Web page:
Our history is more diverse than we might think. The challenge for today is to manage the tension between providing language-specific ministries for first-generation congregations, and integrating our diverse cultures, not to assimilate them into some supposedly dominant 'Australian' culture, but to engage and share our different perspectives on our God and our world, and to ensure that we hand on the faith to future generations.

* * * * *

Now I turn to the problem of church politics and synods. Something approaching half of Melbourne synod members presently vote by one of two tickets that are prepared by small groups and widely circulated. This practice, or at least its covert usage, continues to perturb many Anglicans. Yet voting advices have been used at one time or another in most Australian synods since at least the late nineteenth century. One of the best-documented controversies about church politics took place between 1918 and 1921, during the messy transition of authority from Archbishop Clarke to Archbishop Lees. It is my belief that in this crisis Melbourne Anglicans formed the evil habits that have repeatedly returned to haunt the diocese in the appointment of a new Archbishop.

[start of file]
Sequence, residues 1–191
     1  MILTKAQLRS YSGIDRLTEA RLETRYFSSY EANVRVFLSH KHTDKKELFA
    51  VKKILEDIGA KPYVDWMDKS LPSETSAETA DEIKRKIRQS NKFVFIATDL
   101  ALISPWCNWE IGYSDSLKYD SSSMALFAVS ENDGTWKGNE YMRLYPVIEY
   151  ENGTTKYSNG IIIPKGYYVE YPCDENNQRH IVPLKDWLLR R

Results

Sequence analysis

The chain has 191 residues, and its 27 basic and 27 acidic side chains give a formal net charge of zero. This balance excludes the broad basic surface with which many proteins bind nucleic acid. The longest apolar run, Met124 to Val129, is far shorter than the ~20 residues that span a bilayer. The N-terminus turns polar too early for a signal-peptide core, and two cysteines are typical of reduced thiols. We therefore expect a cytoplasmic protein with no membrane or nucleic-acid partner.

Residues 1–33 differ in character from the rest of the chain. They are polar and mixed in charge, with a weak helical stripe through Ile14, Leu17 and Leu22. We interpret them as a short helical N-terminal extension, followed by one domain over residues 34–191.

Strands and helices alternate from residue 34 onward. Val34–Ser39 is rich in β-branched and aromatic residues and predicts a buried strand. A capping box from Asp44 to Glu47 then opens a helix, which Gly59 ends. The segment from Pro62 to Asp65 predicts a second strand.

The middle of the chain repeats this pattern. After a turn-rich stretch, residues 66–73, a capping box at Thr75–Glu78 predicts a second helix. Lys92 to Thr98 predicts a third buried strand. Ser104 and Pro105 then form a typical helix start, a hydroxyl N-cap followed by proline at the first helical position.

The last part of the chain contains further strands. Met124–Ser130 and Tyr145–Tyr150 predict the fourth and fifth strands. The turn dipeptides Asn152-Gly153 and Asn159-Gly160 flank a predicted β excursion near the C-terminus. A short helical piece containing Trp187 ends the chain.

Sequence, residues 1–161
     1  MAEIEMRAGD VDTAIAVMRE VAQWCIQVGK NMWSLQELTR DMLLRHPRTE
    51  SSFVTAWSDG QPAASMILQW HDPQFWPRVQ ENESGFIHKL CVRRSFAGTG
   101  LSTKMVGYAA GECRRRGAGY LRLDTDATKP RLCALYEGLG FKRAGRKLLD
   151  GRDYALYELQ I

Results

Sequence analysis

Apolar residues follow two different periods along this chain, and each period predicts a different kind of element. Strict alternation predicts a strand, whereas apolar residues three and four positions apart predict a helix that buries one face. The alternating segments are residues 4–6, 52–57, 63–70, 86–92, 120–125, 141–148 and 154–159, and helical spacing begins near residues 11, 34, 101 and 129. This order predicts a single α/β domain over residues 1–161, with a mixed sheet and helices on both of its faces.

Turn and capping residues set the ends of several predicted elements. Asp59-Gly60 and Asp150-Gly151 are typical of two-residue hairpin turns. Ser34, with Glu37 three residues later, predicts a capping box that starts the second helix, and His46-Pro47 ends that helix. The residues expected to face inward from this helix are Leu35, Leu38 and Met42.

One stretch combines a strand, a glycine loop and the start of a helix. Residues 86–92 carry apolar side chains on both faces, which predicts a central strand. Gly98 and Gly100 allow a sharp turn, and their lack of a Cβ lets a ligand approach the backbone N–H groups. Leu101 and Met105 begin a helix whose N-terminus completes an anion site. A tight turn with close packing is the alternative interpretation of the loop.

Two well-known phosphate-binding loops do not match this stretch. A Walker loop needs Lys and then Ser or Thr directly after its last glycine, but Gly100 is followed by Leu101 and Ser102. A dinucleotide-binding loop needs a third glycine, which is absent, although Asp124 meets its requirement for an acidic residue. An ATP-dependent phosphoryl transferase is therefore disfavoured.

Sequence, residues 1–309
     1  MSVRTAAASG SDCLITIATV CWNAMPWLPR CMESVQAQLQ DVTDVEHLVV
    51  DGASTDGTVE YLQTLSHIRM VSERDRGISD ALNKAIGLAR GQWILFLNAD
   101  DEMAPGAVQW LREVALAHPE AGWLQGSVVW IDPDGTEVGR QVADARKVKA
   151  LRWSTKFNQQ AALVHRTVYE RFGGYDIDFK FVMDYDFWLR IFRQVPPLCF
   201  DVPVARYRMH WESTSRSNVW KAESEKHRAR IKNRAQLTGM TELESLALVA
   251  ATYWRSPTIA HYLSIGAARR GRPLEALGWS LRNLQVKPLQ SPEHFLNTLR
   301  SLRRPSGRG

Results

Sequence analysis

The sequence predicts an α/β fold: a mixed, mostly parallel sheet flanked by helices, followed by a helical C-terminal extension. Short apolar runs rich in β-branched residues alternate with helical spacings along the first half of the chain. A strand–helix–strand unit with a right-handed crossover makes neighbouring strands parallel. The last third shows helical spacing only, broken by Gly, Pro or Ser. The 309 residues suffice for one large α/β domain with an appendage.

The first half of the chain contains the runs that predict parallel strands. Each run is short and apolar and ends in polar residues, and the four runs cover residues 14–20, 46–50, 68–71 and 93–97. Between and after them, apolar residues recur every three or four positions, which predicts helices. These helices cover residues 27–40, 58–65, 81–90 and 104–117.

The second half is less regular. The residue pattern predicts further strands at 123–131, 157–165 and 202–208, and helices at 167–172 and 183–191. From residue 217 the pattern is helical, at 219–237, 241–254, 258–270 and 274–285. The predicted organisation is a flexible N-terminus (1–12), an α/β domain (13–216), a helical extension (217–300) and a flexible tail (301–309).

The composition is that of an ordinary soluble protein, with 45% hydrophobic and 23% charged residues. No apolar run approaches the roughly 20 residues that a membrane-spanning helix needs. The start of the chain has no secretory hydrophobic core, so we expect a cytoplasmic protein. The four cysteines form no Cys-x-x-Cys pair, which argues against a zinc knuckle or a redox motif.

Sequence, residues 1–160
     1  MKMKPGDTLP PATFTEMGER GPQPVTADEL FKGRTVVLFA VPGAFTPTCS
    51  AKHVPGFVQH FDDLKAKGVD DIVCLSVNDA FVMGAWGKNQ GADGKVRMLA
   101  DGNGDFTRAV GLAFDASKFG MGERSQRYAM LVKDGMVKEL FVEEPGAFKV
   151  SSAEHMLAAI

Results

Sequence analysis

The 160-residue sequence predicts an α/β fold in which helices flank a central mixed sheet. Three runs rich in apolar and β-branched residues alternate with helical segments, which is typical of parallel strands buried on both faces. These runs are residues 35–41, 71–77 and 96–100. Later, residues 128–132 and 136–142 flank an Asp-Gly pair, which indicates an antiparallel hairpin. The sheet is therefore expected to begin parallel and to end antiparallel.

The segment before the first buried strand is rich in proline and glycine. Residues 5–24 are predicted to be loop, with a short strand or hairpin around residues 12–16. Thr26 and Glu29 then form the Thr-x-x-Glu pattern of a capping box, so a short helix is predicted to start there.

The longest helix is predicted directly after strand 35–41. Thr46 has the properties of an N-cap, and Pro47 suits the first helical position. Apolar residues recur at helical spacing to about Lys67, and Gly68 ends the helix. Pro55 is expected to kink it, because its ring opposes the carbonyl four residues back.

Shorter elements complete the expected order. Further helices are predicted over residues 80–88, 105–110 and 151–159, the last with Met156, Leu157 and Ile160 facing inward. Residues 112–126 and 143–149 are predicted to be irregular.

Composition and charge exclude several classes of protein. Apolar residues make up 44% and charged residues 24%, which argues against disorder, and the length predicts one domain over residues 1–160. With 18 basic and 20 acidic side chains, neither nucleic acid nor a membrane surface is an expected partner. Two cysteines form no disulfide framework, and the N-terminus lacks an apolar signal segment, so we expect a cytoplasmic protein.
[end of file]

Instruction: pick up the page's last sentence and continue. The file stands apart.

Archbishop Lees was elected in 1921 by a Board of six clergymen and six laymen appointed by the Melbourne Synod in October 1918. That 1918 Synod was one of the most divisive ever experienced in the diocese's history. The presenting issue was churchmanship, against the backdrop of Archbishop Clarke's forthcoming retirement and the sectarian tension caused by the 1917 referendum on conscription. The Synod elections were dominated by a new political party that later became known as the Central Church League, led by Alexander Leeper, sometime Warden of Trinity College. Their ticket was highly effective: of the eleven existing members of the Board of Electors who sought re-election, only three were returned. For the first time the Board that would appoint the Archbishop was dominated by Evangelical Anglicans. The acrimony which ensued was caused by bad communication and misperceptions, the refusal of key players to admit they were wrong, and the desire of men in their fifties and sixties to hang on to power. How different Melbourne would be if Anglicans had embraced the post-war trend towards reunion, reconciliation, and reconstruction.